Carl Sagan’s astrobiology textbook was published in 1972, and it was the last book published by the Nobel Prize-winning scientist.
The book had a clear scientific agenda, and was well received by the scientific community.
Now, the Smithsonian is looking for an adaptation of the book to be used as a text in its astrophysics museum.
The Smithsonian Astrophysics Institute has been looking for a book to replace Sagan’s book, titled “Astronomica,” which was published by Wiley & Sons in 1988.
The Astrophysical Journal is seeking a new translation, with the hope that it will make it more accessible for the general public.
The first edition of the Astrophilia, a collection of books, was published two years after the first edition.
The text is divided into chapters on the history of science, cosmology, astronomy, biology, and other topics.
The chapters are divided into sections on topics such as how to learn to read a book, the origin of life, the origins of consciousness, and many more.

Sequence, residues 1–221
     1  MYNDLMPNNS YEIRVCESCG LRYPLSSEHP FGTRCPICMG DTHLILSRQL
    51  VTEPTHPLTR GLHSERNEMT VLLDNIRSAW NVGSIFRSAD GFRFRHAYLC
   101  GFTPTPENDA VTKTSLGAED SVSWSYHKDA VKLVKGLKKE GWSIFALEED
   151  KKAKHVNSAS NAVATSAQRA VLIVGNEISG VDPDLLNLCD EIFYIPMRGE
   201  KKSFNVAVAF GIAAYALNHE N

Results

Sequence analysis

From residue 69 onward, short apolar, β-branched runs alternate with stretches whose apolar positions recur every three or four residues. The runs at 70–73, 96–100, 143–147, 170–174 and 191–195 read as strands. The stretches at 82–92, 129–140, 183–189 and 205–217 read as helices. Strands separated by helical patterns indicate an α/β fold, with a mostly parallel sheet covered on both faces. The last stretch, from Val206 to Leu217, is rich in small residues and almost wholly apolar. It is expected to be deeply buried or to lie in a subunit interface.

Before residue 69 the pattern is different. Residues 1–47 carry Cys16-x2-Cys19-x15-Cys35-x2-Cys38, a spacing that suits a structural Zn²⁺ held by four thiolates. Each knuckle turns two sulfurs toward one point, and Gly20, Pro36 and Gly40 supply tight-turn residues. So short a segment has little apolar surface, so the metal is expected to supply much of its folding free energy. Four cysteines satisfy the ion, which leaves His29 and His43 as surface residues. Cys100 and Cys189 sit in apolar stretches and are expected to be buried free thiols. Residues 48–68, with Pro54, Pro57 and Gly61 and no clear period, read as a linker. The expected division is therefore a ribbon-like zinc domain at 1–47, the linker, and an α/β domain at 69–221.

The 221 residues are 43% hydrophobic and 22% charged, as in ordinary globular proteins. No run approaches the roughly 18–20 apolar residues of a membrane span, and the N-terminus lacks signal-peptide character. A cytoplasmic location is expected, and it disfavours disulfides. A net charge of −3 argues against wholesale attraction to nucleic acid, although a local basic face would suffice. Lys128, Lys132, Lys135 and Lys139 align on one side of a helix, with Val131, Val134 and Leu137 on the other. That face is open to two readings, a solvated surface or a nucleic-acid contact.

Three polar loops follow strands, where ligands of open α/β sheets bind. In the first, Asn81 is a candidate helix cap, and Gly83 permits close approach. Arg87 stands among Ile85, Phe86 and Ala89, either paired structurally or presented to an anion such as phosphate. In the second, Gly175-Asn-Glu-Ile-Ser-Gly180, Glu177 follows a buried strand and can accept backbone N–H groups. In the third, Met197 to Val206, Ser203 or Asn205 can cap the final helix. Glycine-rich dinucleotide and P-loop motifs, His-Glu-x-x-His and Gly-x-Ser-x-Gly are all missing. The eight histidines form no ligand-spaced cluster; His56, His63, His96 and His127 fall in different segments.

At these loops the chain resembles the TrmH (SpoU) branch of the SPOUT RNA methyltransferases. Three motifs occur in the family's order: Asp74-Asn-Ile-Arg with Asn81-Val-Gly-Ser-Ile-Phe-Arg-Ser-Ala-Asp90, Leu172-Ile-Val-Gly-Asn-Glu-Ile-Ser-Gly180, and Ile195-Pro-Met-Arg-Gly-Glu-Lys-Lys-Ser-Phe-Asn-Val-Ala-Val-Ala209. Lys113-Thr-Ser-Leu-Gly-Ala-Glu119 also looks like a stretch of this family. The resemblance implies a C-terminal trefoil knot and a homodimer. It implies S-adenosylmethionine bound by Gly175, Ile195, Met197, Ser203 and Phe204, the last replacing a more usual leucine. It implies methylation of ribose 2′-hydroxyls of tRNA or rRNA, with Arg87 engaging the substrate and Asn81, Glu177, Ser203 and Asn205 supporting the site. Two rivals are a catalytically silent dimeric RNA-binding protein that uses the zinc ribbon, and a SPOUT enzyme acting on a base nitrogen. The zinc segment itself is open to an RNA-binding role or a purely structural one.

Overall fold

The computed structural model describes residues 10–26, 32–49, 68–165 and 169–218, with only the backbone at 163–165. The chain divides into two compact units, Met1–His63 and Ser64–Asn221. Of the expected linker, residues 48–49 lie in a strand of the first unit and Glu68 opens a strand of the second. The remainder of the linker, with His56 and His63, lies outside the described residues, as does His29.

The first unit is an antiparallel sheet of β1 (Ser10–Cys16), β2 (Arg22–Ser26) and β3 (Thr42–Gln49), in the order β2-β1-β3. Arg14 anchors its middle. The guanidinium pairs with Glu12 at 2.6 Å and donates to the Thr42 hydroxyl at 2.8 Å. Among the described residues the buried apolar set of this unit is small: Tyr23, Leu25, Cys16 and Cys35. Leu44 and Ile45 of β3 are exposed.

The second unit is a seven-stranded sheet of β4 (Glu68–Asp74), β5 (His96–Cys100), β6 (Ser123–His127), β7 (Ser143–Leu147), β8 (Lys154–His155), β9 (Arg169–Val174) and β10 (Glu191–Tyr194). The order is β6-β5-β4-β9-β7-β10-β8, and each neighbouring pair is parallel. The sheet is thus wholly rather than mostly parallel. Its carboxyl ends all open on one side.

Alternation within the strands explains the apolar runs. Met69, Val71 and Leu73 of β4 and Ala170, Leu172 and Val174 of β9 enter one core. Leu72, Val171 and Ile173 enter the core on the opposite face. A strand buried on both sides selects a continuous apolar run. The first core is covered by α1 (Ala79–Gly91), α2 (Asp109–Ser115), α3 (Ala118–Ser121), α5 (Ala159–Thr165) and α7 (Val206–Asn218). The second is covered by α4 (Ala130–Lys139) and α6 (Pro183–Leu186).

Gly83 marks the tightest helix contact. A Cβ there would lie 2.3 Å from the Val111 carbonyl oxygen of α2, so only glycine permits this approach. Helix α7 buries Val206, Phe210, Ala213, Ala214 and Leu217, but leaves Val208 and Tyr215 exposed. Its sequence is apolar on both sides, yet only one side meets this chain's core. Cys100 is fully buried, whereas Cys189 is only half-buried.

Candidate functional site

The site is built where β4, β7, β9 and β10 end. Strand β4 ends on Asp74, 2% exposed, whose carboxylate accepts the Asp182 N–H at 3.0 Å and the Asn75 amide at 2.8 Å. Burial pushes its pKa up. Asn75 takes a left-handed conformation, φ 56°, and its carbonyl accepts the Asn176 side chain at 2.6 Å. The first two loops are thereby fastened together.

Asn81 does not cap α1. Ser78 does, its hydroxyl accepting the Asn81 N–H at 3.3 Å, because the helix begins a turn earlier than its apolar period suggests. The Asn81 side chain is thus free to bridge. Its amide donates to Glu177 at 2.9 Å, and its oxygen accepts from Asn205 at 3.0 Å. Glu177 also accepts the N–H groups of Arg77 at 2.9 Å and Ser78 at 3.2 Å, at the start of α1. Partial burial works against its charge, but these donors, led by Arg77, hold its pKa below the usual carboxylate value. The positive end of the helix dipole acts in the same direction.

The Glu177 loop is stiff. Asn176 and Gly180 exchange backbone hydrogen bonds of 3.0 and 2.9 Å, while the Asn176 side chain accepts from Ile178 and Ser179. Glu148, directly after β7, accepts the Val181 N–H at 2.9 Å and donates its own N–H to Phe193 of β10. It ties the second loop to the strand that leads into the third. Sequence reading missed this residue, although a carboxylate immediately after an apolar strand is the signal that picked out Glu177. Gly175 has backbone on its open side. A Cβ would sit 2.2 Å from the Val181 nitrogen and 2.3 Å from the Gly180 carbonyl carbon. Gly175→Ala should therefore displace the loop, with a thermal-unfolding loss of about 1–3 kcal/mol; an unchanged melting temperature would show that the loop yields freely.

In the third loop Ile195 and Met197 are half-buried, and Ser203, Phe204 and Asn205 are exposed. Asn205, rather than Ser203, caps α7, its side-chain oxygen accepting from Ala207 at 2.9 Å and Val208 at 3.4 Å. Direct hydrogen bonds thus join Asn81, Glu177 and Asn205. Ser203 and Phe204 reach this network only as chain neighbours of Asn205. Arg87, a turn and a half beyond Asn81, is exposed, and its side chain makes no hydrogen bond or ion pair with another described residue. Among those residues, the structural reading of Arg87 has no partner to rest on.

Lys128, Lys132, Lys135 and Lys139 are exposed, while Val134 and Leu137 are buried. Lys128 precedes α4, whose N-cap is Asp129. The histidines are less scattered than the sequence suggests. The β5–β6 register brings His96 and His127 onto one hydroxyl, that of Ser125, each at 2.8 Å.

In the beginning, the Astrobiography of Carl Sagan was a collection that the Smithsonian was interested in publishing.
The original AstroBiography was a book published in 1981, and the new edition is due to be published in January 2019.
It’s currently in the collection of the National Air and Space Museum, and is part of the Smithsonian’s “Science in the Public Interest” program.
The collection was originally housed in the National Museum of Natural History in Washington, D.C., and is a significant resource for scientists, historians, and students looking for books that cover scientific topics.
As part of this program, the National Science Foundation and the National Institutes of Health funded the creation of a new Astrophiliac edition.
Smithsonian scientists are working on a translation of the new Astro Biography, and are seeking a publisher to publish the book.
If you are interested in purchasing the new translation of Carl S. Sagan’s Astrophila, please email [email protected] with the subject line “Submission for translation.”
A sample of the “Astrophilia” manuscript is shown below.